The acute clinical manifestations of coronavirus disease 2019 (COVID-19) have been well established. Looking beyond this acute setting, reports have suggested that some people with COVID-19 may experience long-lasting effects after recovering from the disease. However, the post-acute sequalae of COVID-19 have not been comprehensively described, let alone in a large enough sample size to establish a pattern. This lack of characterisation of sequalae is in spite of emerging reports of “long-haulers,” or COVID-19 patients experiencing long-lasting clinical manifestations.
This study aimed to fill the need for the characterisation of long-term effects after COVID-19 infection. More specifically, the goal was to comprehensively identify the six-month incident sequelae – including diagnoses, medication use and laboratory abnormalities – in people who survived the first 30 days after a COVID-19 diagnosis. An electronic health database from the US Department of Veterans Affairs was utilised to systematically characterise the post-acute sequelae using a high dimensional approach. This study features a large patient cohort, with tens of thousands of patients with COVID-19 and millions of non-COVID-19 controls analysed.
The primary outcome of the study was the identification of chronic complications (or incident sequalae) of COVID-19. The study cohort included users of the Veteran Health Administration (VHA) who survived at least the first 30 days after COVID-19 diagnosis and were not hospitalised (n=73,435) and users who did not have COVID-19 and were not hospitalised (n=4,990,835).
In linewith anecdotal reports of long-term effects in the post-acute setting, several incident sequalae were identified in survivors of COVID-19. Respiratory conditions were the most common, as respiratory signs and symptoms were identified in 28.51 per1,000 persons with COVID-19. Other sequalae included diseases of the nervous system, mental health burden, metabolic disorders, cardiovascular conditions, gastrointestinal disorders and poor general wellbeing. COVID-19 survivors had an increased risk of death, with an estimated 8.39 excess deaths per 1,000 people with COVID-19 at six months. People with COVID-19 exhibited greater healthcare utilisation, including a higher risk of outpatient care encounter than those without COVID-19. It was also found that people with COVID-19 had increased risk of incident use of multiple medication categories, including pain medications and antidepressants, compared with non-COVID-19 controls.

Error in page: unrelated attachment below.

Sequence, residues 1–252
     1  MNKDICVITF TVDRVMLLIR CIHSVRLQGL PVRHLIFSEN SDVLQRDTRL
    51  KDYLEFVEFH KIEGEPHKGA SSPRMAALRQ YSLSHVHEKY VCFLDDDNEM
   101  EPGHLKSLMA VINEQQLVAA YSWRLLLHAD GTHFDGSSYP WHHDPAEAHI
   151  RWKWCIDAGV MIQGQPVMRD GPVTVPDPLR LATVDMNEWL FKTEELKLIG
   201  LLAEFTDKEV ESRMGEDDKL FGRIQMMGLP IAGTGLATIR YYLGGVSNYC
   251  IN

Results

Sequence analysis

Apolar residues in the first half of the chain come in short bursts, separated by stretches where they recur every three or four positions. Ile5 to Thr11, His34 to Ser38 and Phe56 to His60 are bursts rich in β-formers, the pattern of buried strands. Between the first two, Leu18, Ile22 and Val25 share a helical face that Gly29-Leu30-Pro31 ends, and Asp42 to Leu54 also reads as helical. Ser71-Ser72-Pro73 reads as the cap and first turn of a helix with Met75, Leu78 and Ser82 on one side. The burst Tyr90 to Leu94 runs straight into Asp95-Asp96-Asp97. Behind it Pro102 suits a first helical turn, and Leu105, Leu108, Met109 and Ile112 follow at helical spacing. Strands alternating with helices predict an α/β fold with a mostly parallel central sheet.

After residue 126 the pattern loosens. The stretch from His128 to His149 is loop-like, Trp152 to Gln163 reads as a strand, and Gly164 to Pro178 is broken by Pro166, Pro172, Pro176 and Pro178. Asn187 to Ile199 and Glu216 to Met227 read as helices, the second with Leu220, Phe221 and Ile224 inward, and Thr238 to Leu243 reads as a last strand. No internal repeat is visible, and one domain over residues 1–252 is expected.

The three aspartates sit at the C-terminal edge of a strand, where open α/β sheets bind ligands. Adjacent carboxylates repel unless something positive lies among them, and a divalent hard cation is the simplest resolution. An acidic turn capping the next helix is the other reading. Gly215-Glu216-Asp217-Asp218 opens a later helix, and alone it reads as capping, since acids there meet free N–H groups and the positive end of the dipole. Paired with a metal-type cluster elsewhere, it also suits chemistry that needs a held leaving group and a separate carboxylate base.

While the mechanisms behind the post-acute and chronic clinical manifestations of COVID-19 are still undefined, it is clear from the evidence presented by this study that there is a risk of serious long-term effects from the disease. The results of this study highlight a need for holistic, integrated and multidisciplinary long-term care of COVID-19 survivors.
According to a study in a large patient cohort, thirty-day survivors of COVID-19 have increased risk of death and health resource utilisation, and burden of health loss across multiple organ systems. Several post-acute sequalae were identified after COVID-19 infection. The results of this study inform the global discussion on the long-term effects of COVID-19, as well as health system planning and care strategies for COVID-19 survivors.
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